The Urban Alliance on Race Relations (UARR) is a non-profit organization offering educational programs and research that are critical in addressing racism in society. Their work reaches the community, private and public sectors across the Greater Toronto Area. Their latest endeavour is the Police Are Not The Answer campaign which calls on municipalities to reallocate police budgets towards community initiatives. The UARR racial equity in education project coordinator, Lily Obeng, shares more about the campaign and the premise of defunding the police.
“These kinds of movements are meant to centre love and a love of community. And a deep care for those that are most vulnerable among us.… Policing is completely incompatible with honouring and doing justice for Black and Indigenous folks in this country. The history of policing in Canada is founded on slave patrols and corralling Indigenous folks,” she explains.
The campaign involves a series of billboards on the Gardiner Expressway, near the Exhibition GO station, stating that the police are not the answer to scenarios like poverty, mental health crises and school safety. Amidst the positive response, the billboards have led to complaints and criticisms flooding the UARR email inbox and social media platforms.
While the billboards are upsetting some, they speak to issues that are already being discussed within the community. The campaign’s three areas of focus have seen multiple protests, community-led phone zaps and media attention in tandem with the Black Lives Matter movement. Obeng adds that in Hamilton, there are ongoing protests to defund the police and stop criminalizing unhoused people.
The timing along with the messaging were intentional seeing as many municipalities are finalizing their 2021 budget right now. Obeng explains that this makes it an ideal time for community members to call for defunding the police. In 2020, the City of Toronto operational budget was $13.5 billion and $1.076 billion of this was allocated to Toronto Police Services. This was a $40 million or 3.9 percent increase in the police budget of 2019. Toronto’s police budget is significantly higher than other public services such as transit, shelters, libraries and more. As the 2021 budget is being discussed, UARR is calling for a shift in budgeting priorities. Obeng recalls earlier efforts in the summer that went in the opposite direction.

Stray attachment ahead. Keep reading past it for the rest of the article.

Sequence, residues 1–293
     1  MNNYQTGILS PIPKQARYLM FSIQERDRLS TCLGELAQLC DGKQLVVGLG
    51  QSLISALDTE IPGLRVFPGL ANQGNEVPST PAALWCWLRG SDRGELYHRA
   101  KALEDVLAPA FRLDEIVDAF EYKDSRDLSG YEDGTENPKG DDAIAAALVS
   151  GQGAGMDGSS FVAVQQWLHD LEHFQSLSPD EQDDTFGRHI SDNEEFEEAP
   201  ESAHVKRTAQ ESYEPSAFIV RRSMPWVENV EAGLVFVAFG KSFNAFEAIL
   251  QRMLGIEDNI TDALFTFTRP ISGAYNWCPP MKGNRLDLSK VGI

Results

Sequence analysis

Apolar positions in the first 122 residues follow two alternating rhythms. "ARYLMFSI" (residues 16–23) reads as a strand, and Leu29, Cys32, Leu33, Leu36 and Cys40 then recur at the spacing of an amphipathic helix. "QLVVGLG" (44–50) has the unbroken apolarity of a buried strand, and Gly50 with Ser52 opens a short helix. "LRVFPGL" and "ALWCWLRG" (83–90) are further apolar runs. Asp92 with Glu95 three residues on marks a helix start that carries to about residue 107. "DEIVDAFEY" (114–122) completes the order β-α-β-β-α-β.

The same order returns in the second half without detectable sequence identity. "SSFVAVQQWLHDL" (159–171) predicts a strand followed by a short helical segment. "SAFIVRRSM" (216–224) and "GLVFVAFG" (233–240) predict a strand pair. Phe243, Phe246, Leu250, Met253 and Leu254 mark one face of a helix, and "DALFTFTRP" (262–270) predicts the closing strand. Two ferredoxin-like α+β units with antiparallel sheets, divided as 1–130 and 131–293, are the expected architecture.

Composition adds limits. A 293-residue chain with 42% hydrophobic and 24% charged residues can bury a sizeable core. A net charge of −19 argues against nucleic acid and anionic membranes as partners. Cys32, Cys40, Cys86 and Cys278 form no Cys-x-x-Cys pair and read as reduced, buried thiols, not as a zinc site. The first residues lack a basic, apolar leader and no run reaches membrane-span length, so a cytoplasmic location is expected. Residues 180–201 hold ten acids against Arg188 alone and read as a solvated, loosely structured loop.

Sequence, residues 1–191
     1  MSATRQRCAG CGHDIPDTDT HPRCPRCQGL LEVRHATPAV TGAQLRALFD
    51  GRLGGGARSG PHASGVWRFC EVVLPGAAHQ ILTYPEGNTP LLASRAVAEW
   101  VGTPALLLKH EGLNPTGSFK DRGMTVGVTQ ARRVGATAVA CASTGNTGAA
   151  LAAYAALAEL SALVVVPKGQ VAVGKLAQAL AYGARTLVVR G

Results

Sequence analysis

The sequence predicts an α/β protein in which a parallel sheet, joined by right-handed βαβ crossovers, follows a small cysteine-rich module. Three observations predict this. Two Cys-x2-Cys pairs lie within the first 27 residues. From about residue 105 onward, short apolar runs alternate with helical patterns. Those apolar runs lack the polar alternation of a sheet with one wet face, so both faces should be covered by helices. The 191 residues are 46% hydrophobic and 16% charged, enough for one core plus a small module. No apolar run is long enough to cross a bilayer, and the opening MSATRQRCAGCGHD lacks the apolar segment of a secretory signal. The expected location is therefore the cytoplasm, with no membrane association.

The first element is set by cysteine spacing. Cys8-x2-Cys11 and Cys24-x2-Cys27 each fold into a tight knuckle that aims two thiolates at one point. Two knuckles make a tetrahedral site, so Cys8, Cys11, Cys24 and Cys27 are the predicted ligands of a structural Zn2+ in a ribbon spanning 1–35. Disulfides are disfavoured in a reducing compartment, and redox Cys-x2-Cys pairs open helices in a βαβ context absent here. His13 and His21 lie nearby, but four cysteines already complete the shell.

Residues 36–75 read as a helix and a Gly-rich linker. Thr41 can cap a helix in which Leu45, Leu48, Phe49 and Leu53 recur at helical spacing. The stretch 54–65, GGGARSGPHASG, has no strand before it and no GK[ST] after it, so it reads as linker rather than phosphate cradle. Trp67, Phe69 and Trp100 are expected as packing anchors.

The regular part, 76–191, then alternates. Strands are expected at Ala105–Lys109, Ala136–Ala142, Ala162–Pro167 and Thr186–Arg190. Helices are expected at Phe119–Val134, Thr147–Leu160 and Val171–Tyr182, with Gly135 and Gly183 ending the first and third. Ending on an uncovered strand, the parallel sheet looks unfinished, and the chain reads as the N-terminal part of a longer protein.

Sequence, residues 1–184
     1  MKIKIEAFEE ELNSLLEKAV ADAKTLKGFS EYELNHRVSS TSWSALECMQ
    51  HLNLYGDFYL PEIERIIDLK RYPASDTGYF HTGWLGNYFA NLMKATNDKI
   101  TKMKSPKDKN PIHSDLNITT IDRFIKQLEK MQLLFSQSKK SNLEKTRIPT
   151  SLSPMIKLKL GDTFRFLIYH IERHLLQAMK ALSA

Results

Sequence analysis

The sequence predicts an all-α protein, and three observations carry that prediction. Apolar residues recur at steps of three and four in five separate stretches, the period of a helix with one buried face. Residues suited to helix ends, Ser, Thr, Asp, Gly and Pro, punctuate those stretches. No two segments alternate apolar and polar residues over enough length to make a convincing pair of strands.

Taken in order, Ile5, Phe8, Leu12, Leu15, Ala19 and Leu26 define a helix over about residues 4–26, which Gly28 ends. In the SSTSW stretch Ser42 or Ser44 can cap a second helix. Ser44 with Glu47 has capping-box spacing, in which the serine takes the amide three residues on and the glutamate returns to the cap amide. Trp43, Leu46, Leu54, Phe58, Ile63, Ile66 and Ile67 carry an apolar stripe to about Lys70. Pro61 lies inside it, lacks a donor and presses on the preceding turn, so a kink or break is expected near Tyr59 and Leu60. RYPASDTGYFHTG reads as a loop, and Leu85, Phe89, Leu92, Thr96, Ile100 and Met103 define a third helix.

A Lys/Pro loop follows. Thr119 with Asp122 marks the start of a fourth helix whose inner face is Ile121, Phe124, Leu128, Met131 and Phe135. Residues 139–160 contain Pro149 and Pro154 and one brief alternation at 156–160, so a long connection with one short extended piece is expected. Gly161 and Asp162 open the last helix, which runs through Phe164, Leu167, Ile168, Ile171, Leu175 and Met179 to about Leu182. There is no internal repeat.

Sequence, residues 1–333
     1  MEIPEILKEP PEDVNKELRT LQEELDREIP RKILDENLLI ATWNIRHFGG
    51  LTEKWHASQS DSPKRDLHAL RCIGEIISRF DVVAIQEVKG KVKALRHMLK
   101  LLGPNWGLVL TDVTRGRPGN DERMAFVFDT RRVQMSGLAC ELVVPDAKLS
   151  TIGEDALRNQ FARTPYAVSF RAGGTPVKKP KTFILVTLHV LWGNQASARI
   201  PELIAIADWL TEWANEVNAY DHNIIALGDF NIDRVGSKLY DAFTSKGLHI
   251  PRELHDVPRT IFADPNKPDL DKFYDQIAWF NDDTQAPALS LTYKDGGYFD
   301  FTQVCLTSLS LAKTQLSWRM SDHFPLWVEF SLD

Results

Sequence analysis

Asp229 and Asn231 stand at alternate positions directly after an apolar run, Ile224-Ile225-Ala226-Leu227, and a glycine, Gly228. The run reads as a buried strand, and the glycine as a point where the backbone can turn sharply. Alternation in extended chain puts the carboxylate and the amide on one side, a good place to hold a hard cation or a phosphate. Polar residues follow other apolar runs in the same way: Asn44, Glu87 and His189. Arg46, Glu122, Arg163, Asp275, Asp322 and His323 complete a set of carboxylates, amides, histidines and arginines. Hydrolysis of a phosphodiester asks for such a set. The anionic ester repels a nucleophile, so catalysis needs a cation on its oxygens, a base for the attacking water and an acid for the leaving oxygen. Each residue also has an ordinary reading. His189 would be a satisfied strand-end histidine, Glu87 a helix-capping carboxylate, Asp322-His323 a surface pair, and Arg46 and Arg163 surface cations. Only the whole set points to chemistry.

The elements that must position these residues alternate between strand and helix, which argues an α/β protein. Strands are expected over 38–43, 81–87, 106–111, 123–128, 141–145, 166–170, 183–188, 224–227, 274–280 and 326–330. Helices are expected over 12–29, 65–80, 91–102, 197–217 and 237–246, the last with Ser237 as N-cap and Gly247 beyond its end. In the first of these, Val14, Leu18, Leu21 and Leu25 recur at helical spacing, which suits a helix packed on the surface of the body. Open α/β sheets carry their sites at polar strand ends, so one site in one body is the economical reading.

“At this point we actually have the capacity to influence or tip a decision in favour one way or the other. Specifically in Toronto, the opportunity to discuss reducing the police budget by 10% came up earlier, and that failed. And instead they decided to give them more money for body cameras. So I think this is the opportunity to really start to dispel the common myths and misunderstandings with regards to defunding the police,” Obeng says.
While discussing misunderstandings, she mentions that the work does not stop when money is taken out of police budgets. From there it must be reinvested in community-based initiatives. She adds that anti-Black racism is woven into other sectors and this reality must also be acknowledged when money is reinvested. She uses the example of school safety and the removal of School Resource Officers to illustrate this point.
“Just because we remove the security guards, doesn’t mean that we’ve removed surveillance practices. It doesn’t necessarily mean that we’ve stopped sharing sensitive information with police officers who will use that information to further criminalize racialized students,” she explains.
Obeng looks toward abolitionist thinkers for the way forward. With this in mind, she hopes that the reinvested money will go towards existing mutual aid efforts that would benefit from greater funding and formal support. These efforts are becoming more common as communities create ways to support themselves where government support is not available. She explains that these mutual aid efforts already have the reach and the connections, investments from the city would simply allow them to expand their work. By reallocating the police budget in this way, Obeng believes that the community would be better prepared to handle the campaign’s topics: mental health crises, school safety, and poverty.
In addition to the billboards, UARR’s current campaign includes a survey and petition. Community consultation is at the heart of UARR so they are collecting community opinions and views on policing. The petition will allow them to connect with like-minded individuals and keep the public updated on the progress of the campaign and volunteer opportunities. As Obeng discusses the importance of this campaign’s message and timing, she also acknowledges that it is one piece to a very large puzzle.
“The system doesn’t want folks to see the ways in which the system can be changed. I think we always have to strike a balance between working within systems and working to create our own alternative systems to these kinds of oppression. But right now we have the capacity to interrupt and start to move the needle in a direction that we want it to be positively going in.”